Sunday, December 30, 2018

I manage to not drown

Elf and I took the wave ski to Sandy Bay for a paddle on the Derwent the other morning. Well, I was going to paddle and she was going to read on a park bench. I left the life vest in the car – I paddled out then remembered it so I came back in, and Elf had it. I put it on and went back out.

This was the day the first yachts were finishing the Sydney Hobart race, so there was a fair amount of action out on the water, and a helicopter or two overhead. It was pretty choppy, and reasonably hard work going against the swell.

I decided to just paddle out to the last mooring buoys, about 500m, then take in the view of the yachts coming upriver. After a while I turned 180° to enjoy the view back to the shore – this is when you are likely to get flipped over but I did it quickly and successfully.

After a while I decided to turn 180° again and this time – flip. I was in the water. We have a tether on the paddle, so that was one bit of good preparation. And I had the vest (not on as tight as it should have been though – it went up around my head straight away). I got hold of the strap on the side of the wave ski and just hung on for a bit while I considered options. I quickly realised that climbing back on was not going to be easy.

The good thing about a wave ski is they are very simple things, you sit on top of them and they are very buoyant. They are sealed, and won't fill with water or capsize. I needed to get back onto it but I didn't need to get back into it.

I started sidestroking towards the shore just to make some progress. I was staying calm fortunately. A motor yacht went past in the distance with a few dozen people on it, some looking my way. I thought I could wave to them, but things seemed to be under control – so I would save myself the embarrassment and just keep slowly swimming and hanging on.

Once I got to the next set of mooring buoys I grabbed on to them and had a little rest. If the worst happened and the wave ski got away from me while I was trying to climb back on, at least I had the buoys. Then I started trying to get on.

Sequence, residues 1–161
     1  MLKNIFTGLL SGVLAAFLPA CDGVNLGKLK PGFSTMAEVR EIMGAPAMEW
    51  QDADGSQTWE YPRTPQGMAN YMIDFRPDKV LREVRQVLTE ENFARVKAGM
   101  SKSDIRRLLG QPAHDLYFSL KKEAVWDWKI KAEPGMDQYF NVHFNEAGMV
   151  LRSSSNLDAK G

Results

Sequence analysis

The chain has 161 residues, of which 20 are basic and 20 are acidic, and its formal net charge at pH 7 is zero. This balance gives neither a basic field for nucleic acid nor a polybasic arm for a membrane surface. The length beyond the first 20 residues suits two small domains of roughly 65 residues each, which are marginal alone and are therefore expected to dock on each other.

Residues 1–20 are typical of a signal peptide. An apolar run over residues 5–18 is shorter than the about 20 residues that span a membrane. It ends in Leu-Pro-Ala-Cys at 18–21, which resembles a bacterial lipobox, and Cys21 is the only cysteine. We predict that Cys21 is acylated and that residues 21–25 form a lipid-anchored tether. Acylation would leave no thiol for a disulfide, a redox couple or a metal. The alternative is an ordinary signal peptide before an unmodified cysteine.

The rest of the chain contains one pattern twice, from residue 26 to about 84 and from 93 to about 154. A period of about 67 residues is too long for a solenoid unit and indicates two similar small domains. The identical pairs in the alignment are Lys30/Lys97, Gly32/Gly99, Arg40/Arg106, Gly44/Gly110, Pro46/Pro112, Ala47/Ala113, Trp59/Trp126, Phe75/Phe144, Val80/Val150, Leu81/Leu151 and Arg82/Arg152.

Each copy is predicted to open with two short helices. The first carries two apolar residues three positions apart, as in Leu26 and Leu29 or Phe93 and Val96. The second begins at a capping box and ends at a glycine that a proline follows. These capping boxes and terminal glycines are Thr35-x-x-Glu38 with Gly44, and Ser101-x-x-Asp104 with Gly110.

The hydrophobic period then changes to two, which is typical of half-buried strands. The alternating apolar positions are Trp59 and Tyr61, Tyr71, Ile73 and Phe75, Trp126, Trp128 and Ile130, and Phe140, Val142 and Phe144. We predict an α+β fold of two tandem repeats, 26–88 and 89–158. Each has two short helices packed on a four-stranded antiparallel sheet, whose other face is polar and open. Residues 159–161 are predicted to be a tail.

I have done this once in shallower water, (where you can get some purchase on the seabed) and I remember ending up with my head at the bow end. You can sort of roll over sideways OK if you are face down, but if you are oriented the wrong way its hard to fix without falling off.

So I got my head to the correct end towards the stern, and pulled my top half aboard, and grabbed onto the elasticated luggage straps right at the back. Then getting my legs swung aboard took so long. I really thought I'd be coming off it again at least once, but eventually I was face down on the thing, out of the water.

Another little rest. Then I did the roll over thing and I was face up, but sitting much too far forward. I managed to scooch my butt back into the seat, pulled in the paddle and ta-da, I was on my way back to shore. They really are very stable and forgiving craft, and it just underlines how incompetent I was letting myself get dumped out.

All through this I imagined Elf had seen me and was having conniptions about my safety. As a full and frank record of the events I must reveal that she was actually entranced the whole time by a great dane puppy.

2 days late I am a bit muscle-sore from all the struggling, but none the worse for wear.

Tuesday, December 04, 2018

Tuesday Night Soccer 27.11.18

Since I last played a month back, I had x-rays of my hips. Now I know why those joints hurt so much. There are bone spurs on both sides around the ball joints where the top of the femur slots into the pelvis, and so there is bone inflammation or osteitis flaring up when I overuse these joints. I am doing tons of repetitive stretching morning and night, to try to build up my core strength, which will hopefully relieve these joints.

White: Steve, Cam, Anthony, Rick, ?
Black: Adrian, Me, Pat, Hazel, Ben

Memorable moments;

  • Early on I carried the ball up the middle, just dummied with body shape to get past Anthony and then no-one came to me so I kept taking the space and toed it past Rick. Cam not happy.
  • I was lurking in the left corner and Hazel had possession over by the door – he placed a perfect magnetic pass into the box that pulled me towards it for a tap-in.
  • I was in a similar spot on left, Hazel in goals hit me with a perfect throw. My first touch took me inside and across Steve and with my next touch I (unusually) clobbered it properly with my right, it went under Anthony in goals.
  • Stuck in the back left corner, I passed to Hazel who was marked but who can work in a phone box. He couldn't get free so I called for it back, squared it to Pat in goals, and he sent it out the other way to Adrian on the right. Hazel had gone up the left wing, Adrian found Ben who found Hazel who scored. textbook play out from the back.

Saturday, December 01, 2018

Charity solicitations

Like most people, I give to charity. Not heaps but regularly. I share it around although the Asylum Seekers Resource Centre is my fave.